Hobbs closing to hurt Sparc clients, too
Sharon Foust smiles when a stranger asks if she enjoys her work.
“I’m working hard,” Foust says as she folds one piece of paper after another, placing each folded-up set of instructions for assembling widgets known as “push-pull switches” neatly into a cardboard box. “I enjoy folding all sorts of things.”
After a decade of doing such tasks, Foust is good enough and reliable enough to check the work of other developmentally disabled workers -- even though she’s legally blind.
But this particular folding job, and others, will disappear when Honeywell Hobbs closes its plant in Springfield.
Honeywell Hobbs, which has manufactured automobile parts since the 1930s, has contracted with Sparc for piecework for as long as anyone can remember.
Hobbs isn’t the only such employer of Sparc’s developmentally disabled clients. Foust, for instance, sometimes fills small containers with agates and other rocks for the Illinois Department of Natural Resources, which gives them away at the Illinois State Fair.
But Hobbs is one of Sparc’s most significant contractors, and the paychecks it provides to Sparc clients will be difficult, if not impossible, to replace.
“There are 87 individuals with developmental disabilities who will be affected,” said Barbara Turner, Sparc spokeswoman. “Many of them will not have any work at all.”
Without tasks from Honeywell Hobbs, Sparc will continue giving workers an opportunity to fill plastic bags with things and otherwise practice working, but they won’t necessarily get paid.
Their bi-weekly paychecks range from $300 to less than $1—it takes some folks an entire day to complete a single task. But a paycheck, no matter the amount, is important, Sparc officials say. Getting paid helps with self-esteem, they say, and builds a sense that workers are contributing to society.
Friday was payday at Sparc, and there were plenty of smiles and hugs as workers headed to lunch and talked about going to the circus over the weekend.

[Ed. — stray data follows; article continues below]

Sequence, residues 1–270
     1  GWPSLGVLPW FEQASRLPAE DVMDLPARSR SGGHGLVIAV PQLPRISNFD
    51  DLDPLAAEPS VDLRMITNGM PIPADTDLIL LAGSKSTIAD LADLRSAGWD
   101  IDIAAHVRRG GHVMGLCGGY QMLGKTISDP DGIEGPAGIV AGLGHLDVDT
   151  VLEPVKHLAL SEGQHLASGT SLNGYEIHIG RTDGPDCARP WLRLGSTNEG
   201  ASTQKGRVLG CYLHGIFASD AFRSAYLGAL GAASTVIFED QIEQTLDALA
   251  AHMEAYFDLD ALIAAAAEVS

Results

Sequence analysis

Some Sparc workers once lived in institutions, said Greg O’Connor, the agency’s director of vocational services. For them, having money to buy tea and go skating whenever they want is a big deal, he said. Some workers who like sports have pooled their money to buy televisions, he said.
Sparc has been struggling for years as Springfield’s manufacturing base has eroded. The organization now gets regular work from about four or five companies, less than half the number six years ago, O’Connor said.
He says Sparc officials are constants at chamber of commerce functions and other gatherings where they might be able to find work.
Mark Hamel, spokesman for Honeywell International Corp, parent company of Honeywell Hobbs, said Sparc has done a good job for the Springfield plant, but that’s not the only reason to outsource to the developmentally disabled.
“We viewed it as an opportunity to support the community,” Hamel said.
It’s not charity, Turner says. Companies don’t have to provide benefits or pay workers compensation she said.
“It helps us, and it helps them,” said Greg Crowley, plant manager for Aramark Uniform Services, which uses Sparc workers to sort clothes hangers. “Everybody wins.”
With manufacturing plants becoming rare, Jill Bomstad, Sparc assistant program manager, said Sparc has turned to tasks such as packaging dog shampoo.
“There’s definitely an untapped market; we just haven’t figured out what it is,” Bomstad said.
Meanwhile, workers worry. O’Connor and Bomstad said workers have been told they might not be getting paid in the future, no matter how hard they try, no matter how much they get done.
“Folks are folks,” O’Connor said. “All of us get nervous when we face change.”
Bruce Rushton can be reached at (217) 788-1542 or firstname.lastname@example.org.
Closing date not set
Honeywell International Corp., parent company of Honeywell Hobbs in Springfield, announced last month that it is closing its local plant and moving operations to Mexico.
The closure will cost 120 jobs. In addition, Honeywell says it will close another plant 60 miles north of Peoria.
Mark Hamel, Honeywell spokesman, said no closure date has been set.
Founded in 1938, Honeywell Hobbs makes switches, light products and other parts for the transportation industry.